I enjoyed my time with MacOS, especially the Hackintosh years. Final Cut Pro X was kind of my breakaway point...I split into using a Chromebook as my primary computer and a Windows machine as my workstation (aside from Internet security issues, the 'big brother' features are about the only thing that bothers me these days in Windows). A big reason for this was Apple's handling of their video editing software...I didn't feel like they were taking it seriously anymore. Switched to Adobe Premiere & haven't looked back. I still believe MacOS is a far superior operating system to Windows, but I also don't have to do any hacks to get Windows working on basically any commodity hardware available, plus nearly everything is cross platform these days (outside of my legacy Shake software & Mac-only stuff like Autodesk's Smoke). That isn't to say that Mac computers aren't still moneymakers, however:

Macs are still a $22 billion business, but Apple is prioritizing the more lucrative iOS.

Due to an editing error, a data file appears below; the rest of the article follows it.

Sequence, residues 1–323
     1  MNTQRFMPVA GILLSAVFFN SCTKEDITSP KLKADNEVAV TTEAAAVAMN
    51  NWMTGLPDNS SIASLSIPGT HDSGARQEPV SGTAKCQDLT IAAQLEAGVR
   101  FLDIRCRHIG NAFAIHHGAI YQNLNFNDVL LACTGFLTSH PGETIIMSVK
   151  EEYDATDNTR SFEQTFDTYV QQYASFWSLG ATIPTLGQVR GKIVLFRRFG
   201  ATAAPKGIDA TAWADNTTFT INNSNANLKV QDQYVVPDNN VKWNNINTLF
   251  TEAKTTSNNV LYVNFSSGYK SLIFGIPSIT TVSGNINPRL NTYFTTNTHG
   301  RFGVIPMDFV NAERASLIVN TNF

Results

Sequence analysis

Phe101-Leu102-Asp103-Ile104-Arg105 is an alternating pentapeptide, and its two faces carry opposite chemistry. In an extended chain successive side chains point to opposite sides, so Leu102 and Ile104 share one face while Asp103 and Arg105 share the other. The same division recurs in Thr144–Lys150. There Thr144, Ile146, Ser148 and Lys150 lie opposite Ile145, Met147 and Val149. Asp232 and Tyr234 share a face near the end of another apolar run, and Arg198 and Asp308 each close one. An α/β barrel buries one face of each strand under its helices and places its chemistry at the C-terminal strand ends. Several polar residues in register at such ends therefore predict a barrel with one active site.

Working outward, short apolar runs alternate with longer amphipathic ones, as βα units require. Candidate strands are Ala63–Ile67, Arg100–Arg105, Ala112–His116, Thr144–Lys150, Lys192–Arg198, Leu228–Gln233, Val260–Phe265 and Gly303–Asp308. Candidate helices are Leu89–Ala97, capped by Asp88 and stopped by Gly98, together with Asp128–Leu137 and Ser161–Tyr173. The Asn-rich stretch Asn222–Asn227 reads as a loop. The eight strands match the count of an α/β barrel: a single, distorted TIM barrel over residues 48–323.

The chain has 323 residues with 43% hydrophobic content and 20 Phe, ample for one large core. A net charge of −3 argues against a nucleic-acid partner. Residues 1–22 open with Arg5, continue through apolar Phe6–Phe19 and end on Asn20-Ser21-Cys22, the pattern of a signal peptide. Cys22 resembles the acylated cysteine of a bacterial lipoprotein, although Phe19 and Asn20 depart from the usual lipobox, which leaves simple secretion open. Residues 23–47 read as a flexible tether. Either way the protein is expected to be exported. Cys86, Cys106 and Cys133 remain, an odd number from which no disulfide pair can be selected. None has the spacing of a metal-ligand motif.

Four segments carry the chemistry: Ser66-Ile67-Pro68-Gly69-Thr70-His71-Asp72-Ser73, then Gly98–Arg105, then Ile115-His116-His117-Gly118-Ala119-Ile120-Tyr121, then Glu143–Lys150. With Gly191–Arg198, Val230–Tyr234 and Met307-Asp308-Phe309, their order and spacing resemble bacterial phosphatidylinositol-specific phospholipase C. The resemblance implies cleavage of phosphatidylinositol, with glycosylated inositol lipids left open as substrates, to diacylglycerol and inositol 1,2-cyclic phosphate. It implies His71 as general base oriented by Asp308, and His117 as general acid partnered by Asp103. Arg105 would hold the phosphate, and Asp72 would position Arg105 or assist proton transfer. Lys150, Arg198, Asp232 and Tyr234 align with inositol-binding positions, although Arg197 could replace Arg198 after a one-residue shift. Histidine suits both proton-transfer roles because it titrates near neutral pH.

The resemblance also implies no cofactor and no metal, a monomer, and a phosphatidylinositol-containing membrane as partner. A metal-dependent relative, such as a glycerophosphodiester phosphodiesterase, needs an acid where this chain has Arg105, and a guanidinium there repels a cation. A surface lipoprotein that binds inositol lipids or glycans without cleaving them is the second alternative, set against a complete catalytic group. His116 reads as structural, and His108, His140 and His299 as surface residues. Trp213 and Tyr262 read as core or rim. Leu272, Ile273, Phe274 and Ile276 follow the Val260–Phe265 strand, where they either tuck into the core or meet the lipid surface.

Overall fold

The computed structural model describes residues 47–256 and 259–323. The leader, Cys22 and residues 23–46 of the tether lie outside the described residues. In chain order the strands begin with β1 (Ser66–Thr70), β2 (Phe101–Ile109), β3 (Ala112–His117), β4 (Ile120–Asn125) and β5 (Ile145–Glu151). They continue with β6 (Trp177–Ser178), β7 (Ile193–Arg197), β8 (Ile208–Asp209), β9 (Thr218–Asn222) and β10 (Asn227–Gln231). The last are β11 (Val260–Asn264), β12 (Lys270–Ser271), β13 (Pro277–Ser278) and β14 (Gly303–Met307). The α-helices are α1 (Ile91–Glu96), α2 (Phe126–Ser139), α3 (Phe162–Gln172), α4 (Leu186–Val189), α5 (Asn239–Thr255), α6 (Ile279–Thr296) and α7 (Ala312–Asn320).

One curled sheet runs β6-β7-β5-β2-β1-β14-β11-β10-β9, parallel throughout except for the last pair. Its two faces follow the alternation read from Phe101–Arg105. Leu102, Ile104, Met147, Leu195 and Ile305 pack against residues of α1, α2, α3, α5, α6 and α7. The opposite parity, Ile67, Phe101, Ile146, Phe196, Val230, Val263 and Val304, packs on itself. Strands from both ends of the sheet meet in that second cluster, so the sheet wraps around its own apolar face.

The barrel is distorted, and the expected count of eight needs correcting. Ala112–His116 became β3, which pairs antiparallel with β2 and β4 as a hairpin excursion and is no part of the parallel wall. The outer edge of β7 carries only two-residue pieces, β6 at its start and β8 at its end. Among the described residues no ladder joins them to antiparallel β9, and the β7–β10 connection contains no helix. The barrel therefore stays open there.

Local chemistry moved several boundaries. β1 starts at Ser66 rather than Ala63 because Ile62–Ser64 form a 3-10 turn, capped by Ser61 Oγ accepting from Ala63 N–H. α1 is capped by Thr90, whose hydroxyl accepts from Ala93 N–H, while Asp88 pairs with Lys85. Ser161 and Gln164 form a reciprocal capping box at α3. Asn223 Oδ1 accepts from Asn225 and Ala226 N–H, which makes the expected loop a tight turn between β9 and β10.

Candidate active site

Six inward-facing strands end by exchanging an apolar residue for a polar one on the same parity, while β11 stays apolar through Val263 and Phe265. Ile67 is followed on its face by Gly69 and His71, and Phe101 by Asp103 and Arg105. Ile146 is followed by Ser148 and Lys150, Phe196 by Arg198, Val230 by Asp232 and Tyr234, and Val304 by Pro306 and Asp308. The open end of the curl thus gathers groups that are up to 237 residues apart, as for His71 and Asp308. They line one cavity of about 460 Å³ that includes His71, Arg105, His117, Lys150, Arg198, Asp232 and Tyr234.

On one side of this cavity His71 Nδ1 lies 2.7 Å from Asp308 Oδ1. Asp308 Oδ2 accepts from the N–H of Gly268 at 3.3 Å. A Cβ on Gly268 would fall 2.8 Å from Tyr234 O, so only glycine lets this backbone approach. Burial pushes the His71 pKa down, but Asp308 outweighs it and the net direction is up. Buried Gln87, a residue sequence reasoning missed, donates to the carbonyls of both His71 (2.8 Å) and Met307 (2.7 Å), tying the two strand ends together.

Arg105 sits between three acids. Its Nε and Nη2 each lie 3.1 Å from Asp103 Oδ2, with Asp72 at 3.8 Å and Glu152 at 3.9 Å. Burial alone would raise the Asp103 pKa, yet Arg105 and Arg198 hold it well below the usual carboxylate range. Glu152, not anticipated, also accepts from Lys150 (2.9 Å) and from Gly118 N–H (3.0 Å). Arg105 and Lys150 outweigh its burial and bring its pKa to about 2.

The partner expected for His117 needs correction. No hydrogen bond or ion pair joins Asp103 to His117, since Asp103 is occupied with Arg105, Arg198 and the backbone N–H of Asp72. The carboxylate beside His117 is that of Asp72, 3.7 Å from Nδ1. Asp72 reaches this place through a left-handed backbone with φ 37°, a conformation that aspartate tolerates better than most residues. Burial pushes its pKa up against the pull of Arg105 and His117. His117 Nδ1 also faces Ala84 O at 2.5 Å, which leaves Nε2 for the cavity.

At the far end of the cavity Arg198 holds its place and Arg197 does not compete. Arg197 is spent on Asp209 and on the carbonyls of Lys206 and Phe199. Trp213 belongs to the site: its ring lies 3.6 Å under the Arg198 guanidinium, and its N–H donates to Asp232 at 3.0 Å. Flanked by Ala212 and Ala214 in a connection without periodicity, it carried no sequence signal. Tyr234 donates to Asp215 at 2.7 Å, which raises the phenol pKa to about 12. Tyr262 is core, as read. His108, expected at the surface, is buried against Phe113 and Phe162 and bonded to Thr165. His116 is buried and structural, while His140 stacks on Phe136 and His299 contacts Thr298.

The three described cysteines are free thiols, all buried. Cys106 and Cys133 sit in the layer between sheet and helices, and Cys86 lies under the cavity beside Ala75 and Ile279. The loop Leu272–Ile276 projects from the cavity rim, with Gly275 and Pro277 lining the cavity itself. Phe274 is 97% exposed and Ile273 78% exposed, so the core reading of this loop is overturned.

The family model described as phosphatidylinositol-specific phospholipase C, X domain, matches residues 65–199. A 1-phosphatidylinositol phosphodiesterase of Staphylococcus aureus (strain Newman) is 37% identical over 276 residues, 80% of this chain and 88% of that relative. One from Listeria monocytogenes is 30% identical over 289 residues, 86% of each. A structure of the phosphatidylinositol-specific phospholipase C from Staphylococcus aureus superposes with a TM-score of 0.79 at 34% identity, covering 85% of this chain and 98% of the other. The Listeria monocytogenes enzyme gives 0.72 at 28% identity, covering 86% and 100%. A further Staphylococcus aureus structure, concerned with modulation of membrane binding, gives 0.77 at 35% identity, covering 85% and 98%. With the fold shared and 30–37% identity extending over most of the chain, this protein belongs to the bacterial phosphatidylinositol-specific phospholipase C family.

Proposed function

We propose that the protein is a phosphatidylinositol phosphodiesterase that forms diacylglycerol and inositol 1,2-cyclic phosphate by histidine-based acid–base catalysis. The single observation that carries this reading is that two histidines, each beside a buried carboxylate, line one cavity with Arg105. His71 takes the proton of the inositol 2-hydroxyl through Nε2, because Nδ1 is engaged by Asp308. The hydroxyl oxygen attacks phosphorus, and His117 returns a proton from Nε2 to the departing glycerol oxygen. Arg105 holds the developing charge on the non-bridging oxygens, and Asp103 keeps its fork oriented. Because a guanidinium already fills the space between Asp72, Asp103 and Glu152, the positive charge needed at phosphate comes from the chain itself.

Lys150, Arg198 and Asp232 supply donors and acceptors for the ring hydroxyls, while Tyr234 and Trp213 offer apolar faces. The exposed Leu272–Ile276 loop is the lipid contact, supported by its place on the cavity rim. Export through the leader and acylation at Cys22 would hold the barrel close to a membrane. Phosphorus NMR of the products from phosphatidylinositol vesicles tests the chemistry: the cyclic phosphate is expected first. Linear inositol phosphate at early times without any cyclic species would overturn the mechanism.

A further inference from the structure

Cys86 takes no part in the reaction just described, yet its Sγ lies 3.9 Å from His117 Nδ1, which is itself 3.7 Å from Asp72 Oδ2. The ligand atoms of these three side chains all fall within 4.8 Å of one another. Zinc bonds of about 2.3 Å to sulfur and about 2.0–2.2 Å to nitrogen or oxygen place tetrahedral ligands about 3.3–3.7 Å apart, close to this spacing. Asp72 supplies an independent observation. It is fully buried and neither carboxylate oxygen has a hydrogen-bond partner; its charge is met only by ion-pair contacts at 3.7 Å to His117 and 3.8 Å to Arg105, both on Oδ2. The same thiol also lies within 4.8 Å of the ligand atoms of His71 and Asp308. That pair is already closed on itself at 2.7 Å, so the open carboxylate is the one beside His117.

One of the things that can sometimes go neglected when discussing the Mac, which is after all the product line that first made Apple famous, is how small it has become on the company’s balance sheet. In 2016, Macs accounted for 10.5 percent of Apple’s net sales and were eclipsed by the company’s Services division, which includes things like the iTunes Store, Apple Pay, and Apple Music. The iPhone, by comparison, brought in six times as much in net sales.


Oct 9, 1999
They clearly need more people to create Emoji's and animated SMS screens. They can't be wasting time on OS improvements and fixing security issues.


Jun 15, 2001
I came close to buying a Mac, but it looks like I missed their window of relevance. At least Microsoft has a decent laptop in the Surface Book.


Diamond Member
Jul 11, 2006
Target audience for Macs and OS X has changed from pros to fools. The specs started lagging few years back, but at least they had all common ports back then